What’s red and black, chewy and crunchy, the sweetest natural candy outside a bees nest? The pith of saguaro fruit, split open and cooked in the sun, makes a natural fruit taffy, far more wonderful that I had imagined. Now I know how the natives survived the silly season; they knew the saguaro fruit was ripening.
We found this young arm with two split open fruits on an early morning bike ride of the loop road in Saguaro National Park East unit. As you see in the second photo, ants and one huge horsefly were already working away at the wonderful stuff, but the doves, bats, and almost every other flying thing of the desert, hadn’t found this bounty. The only reason the doves and bats, in particular, don’t get all the saguaro fruit, is that there is so much of it. We’ve been watching the early ripening fruits for two weeks on our rides, but the seeds and pith, the sweet stuff was all gone. What’s left is a three or four petaled blazing red fruit shell, folded back against the spines, looking like a second blossom. The real blossom is white and begins blooming in April. The Tohono O’odham use the pith and seeds for all kinds of stuff, including a fermented drink for celebration of the arrival of the bounty of summer and the monsoon rains. We would be happy to just eat the stuff; it’s better than any candy. Don’t be afraid of the desert summer; ruby red rewards await!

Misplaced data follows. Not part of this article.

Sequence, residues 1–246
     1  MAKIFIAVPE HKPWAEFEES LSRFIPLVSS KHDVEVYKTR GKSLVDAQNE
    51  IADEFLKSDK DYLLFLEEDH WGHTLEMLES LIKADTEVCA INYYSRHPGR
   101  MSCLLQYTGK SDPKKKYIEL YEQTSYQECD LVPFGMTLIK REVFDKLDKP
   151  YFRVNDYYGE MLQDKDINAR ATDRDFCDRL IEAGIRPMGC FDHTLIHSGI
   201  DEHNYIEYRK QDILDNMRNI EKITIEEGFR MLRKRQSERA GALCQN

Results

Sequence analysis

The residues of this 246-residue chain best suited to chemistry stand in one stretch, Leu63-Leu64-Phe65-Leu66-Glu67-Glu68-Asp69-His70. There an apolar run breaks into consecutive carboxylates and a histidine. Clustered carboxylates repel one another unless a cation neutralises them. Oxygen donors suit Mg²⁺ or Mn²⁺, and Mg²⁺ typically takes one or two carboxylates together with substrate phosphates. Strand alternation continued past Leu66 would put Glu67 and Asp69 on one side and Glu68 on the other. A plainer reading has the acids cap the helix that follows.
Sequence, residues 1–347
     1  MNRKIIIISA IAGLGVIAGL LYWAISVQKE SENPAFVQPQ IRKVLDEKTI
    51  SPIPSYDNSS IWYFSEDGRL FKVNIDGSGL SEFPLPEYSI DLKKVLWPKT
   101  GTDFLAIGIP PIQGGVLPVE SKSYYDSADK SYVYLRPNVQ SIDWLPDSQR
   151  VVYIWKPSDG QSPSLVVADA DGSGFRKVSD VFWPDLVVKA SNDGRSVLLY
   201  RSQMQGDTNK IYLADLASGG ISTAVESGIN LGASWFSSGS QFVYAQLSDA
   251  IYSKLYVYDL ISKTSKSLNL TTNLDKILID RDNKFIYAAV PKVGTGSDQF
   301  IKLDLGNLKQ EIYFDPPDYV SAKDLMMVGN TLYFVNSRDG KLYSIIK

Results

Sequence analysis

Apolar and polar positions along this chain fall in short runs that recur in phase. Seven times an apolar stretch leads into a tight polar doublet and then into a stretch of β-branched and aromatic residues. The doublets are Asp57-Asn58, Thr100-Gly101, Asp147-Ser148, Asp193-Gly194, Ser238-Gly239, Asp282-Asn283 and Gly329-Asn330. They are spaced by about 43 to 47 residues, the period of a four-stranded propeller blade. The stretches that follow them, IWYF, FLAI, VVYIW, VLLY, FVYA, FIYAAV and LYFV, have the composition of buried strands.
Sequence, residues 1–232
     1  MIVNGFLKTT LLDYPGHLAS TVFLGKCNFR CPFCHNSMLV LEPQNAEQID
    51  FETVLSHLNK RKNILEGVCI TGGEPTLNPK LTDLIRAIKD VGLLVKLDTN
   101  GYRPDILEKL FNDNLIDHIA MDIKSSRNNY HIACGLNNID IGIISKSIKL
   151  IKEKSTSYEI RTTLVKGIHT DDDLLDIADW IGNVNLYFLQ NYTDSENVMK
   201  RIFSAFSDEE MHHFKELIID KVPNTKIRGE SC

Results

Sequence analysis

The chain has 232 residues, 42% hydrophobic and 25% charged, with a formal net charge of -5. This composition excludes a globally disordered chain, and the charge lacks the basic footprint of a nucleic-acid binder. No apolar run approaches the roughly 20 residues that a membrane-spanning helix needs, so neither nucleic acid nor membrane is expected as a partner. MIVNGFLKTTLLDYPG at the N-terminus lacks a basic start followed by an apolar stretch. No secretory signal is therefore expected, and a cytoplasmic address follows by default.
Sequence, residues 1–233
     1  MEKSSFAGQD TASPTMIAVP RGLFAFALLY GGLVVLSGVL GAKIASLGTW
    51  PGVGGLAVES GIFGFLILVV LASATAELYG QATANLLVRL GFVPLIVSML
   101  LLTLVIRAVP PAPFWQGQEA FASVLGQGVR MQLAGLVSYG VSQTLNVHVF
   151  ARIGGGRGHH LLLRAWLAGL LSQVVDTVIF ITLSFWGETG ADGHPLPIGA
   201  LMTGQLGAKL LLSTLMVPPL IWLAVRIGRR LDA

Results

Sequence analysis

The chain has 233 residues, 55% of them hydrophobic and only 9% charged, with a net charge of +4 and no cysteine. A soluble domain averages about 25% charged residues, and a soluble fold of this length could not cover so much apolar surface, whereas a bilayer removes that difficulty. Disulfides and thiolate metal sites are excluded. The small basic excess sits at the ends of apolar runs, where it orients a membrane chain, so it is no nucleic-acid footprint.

Oh, we shooed the fly away, but ate the ants. (double click the photo to see a larger version)